Moving Diversity from the Periphery: Diverse Staff Interactions in Children’s Hospitals

By Cathy O'Callaghan.

Published by The International Journal of Organizational Diversity

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Article: Electronic $US5.00

Practices in health organisations in Australia predominantly reflect the Anglo-Australian mainstream culture, while the hospital workforce is typically culturally diverse. Management tends to view cultural diversity as peripheral to mainstream practice, and outside the core business of the health organisation. Staff from culturally and linguistically diverse (CALD) backgrounds are sometimes called upon ad hoc to ‘deal with’ families from CALD backgrounds, on the basis of their shared ethnicity. It would be preferable for management to develop policies and practices that ensure all staff have the cultural competency to work with all patients. In a research study at two children’s hospitals in metropolitan Sydney (O'Callaghan 2013), interviews reveal that staff practices demonstrate a broader conception of diversity than might be expected, even though only some staff and patients share the same ethnicity. In many cases, staff draw successfully on their knowledge, skills and migration experience to assist families, even where the ethnicity of staff does not match the ethnicity of patients. The concepts of productive diversity and relational positioning help explain how staff members engage with diversity in the organisation. Productive diversity refers to the positive recognition of the diversity of staff in terms of “language skills, communication styles, international networks, country knowledge and life experience” (Cope and Kalantzis 1997, x). Relational positioning is based on the idea that identity is “situationally constructed and defined and at the crossroads of different systems of alterity” (Friedman 1998, 47). It is suggested that staff could relate to families using different parts of their identity and based on various axes of differentiation and oppression beyond ethnicity. The outcome would be a higher quality of care for all patients and greater staff satisfaction when treating patients.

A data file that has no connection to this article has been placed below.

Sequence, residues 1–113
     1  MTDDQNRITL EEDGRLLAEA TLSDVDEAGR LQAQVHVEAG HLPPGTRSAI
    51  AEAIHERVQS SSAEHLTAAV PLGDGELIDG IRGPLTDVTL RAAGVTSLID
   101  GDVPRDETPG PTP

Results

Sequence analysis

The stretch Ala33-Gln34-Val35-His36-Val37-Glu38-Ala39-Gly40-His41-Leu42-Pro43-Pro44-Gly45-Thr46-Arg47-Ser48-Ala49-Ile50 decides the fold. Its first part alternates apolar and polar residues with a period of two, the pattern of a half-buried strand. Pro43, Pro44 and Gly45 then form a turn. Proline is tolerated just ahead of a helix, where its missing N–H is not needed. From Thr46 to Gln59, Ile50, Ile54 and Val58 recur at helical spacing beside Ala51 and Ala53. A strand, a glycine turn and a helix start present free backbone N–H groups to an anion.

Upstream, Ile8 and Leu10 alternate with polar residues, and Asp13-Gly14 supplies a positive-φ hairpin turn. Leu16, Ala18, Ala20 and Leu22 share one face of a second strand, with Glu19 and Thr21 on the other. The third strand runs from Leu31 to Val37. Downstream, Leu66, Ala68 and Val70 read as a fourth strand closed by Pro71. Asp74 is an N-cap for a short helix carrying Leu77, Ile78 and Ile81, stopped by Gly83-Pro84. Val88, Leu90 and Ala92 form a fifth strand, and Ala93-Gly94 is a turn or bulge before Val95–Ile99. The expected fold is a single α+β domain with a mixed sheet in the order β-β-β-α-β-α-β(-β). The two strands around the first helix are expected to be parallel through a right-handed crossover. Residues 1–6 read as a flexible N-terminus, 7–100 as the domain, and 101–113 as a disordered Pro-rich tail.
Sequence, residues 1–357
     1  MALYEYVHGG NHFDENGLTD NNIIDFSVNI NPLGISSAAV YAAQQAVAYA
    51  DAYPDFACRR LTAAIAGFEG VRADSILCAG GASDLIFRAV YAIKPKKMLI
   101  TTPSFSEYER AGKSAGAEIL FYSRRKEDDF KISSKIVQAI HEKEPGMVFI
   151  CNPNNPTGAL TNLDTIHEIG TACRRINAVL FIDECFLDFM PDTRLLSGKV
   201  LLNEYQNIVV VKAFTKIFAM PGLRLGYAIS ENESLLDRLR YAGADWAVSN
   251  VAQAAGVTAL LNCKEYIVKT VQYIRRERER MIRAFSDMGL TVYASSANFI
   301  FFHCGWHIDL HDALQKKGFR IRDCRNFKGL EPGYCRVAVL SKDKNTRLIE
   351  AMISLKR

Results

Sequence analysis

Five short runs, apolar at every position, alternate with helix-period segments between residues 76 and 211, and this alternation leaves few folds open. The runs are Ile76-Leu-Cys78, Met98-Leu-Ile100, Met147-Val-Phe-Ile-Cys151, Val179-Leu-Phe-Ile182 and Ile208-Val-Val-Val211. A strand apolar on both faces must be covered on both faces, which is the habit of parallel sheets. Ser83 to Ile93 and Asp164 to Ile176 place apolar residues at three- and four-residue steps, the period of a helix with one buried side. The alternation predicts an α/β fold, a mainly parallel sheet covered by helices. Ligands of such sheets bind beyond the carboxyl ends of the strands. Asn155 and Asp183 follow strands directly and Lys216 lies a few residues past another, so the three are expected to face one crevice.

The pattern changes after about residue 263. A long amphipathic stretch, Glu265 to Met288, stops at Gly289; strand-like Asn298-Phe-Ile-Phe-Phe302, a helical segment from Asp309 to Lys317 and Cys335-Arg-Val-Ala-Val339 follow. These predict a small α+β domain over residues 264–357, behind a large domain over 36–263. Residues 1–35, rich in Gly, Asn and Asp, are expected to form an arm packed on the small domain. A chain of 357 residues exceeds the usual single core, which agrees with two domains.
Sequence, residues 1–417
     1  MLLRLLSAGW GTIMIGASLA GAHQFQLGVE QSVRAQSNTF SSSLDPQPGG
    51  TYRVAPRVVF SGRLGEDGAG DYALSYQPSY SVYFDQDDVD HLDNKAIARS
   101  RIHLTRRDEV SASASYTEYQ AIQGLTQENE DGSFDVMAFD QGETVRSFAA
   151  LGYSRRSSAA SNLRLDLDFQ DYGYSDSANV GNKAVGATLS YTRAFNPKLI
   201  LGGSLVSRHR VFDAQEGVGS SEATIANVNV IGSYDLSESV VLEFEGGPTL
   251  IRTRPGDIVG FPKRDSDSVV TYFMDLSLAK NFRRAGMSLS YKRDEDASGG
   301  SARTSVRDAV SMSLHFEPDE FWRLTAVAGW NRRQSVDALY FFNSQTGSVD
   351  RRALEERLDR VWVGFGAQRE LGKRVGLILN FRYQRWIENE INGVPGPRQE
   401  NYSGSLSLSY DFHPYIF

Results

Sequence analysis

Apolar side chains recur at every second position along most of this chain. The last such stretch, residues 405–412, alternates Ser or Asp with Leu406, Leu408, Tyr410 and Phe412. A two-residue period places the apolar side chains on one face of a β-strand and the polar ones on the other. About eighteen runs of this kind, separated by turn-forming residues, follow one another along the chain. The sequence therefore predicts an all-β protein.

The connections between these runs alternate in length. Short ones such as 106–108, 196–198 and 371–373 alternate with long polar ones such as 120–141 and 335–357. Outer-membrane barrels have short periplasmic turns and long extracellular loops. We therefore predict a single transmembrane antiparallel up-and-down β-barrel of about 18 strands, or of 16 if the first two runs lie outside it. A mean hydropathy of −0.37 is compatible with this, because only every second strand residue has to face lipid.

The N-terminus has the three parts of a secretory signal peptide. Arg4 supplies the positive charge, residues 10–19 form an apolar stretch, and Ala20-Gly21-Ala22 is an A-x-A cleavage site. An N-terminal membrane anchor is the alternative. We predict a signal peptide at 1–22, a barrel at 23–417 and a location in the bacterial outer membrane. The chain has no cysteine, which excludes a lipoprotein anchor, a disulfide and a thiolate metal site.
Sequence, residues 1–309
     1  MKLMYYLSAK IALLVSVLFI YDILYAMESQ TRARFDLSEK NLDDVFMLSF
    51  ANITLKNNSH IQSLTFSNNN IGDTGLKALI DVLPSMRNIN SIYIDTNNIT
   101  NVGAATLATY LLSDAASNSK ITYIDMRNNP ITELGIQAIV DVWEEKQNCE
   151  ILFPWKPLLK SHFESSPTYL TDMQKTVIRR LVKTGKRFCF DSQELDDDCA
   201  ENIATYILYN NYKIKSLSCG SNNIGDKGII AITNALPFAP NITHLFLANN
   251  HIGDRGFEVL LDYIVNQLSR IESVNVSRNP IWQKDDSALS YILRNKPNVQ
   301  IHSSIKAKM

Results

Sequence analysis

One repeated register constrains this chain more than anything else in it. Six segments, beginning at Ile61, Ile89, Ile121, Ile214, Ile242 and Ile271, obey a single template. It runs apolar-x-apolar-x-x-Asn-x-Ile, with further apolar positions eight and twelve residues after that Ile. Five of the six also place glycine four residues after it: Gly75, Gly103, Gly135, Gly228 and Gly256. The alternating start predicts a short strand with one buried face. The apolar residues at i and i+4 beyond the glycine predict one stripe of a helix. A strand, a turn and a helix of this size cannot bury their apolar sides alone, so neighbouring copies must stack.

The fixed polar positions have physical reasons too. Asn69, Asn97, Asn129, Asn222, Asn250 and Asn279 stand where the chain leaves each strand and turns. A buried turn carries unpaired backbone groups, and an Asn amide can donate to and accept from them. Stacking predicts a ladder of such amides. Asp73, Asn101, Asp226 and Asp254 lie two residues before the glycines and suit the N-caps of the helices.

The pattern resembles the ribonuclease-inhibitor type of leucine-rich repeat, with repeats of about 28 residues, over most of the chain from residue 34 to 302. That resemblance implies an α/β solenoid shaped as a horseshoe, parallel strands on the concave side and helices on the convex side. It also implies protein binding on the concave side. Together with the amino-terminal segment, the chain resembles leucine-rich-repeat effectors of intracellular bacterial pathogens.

Keywords: Managing Diversity, Cultural Identity, Productive Diversity, Health Organisations, Relational Positioning

The International Journal of Organizational Diversity, Volume 12, Issue 4, pp.1-13. Article: Print (Spiral Bound). Article: Electronic (PDF File; 510.284KB).

Dr. Cathy O'Callaghan

PhD Candidate (UWS), Diversity Health Coordinator (SH), Institute of Culture and Society (UWS), Social Work (SH), University of Western Sydney, Sutherland Hospital - NSW Health, Sydney, NSW, Australia

Dr. Cathy O’Callaghan is a PhD graduate from the Institute for Culture and Society at the University of Western Sydney and now works as the Learning and Development Program Manager at Multicultural Health Service, South Eastern Sydney Local Health District. She has extensive experience conducting research and managing programs in the areas of multicultural and refugee health. She also has a Masters in Applied Anthropology and Development Studies and Masters of Public Health (Honours).